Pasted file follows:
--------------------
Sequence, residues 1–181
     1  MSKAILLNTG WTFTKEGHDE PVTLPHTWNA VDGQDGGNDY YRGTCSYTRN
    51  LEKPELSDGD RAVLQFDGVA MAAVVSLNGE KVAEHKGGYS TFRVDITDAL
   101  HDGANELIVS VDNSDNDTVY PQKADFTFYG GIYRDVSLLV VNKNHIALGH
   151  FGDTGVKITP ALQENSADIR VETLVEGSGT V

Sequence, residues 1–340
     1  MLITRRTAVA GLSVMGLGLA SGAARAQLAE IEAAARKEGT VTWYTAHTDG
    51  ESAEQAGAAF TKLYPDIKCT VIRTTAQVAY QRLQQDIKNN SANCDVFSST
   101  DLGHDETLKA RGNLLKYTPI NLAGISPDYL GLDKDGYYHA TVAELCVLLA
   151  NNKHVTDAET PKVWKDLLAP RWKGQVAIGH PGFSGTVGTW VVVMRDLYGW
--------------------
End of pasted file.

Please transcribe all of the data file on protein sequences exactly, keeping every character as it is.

Sequence, residues 1–181
     1  MSKAILLNTG WTFTKEGHDE PVTLPHTWNA VDGQDGGNDY YRGTCSYTRN
    51  LEKPELSDGD RAVLQFDGVA MAAVVSLNGE KVAEHKGGYS TFRVDITDAL
   101  HDGANELIVS VDNSDNDTVY PQKADFTFYG GIYRDVSLLV VNKNHIALGH
   151  FGDTGVKITP ALQENSADIR VETLVEGSGT V

Sequence, residues 1–340
     1  MLITRRTAVA GLSVMGLGLA SGAARAQLAE IEAAARKEGT VTWYTAHTDG
    51  ESAEQAGAAF TKLYPDIKCT VIRTTAQVAY QRLQQDIKNN SANCDVFSST
   101  DLGHDETLKA RGNLLKYTPI NLAGISPDYL GLDKDGYYHA TVAELCVLLA
   151  NNKHVTDAET PKVWKDLLAP RWKGQVAIGH PGFSGTVGTW VVVMRDLYGW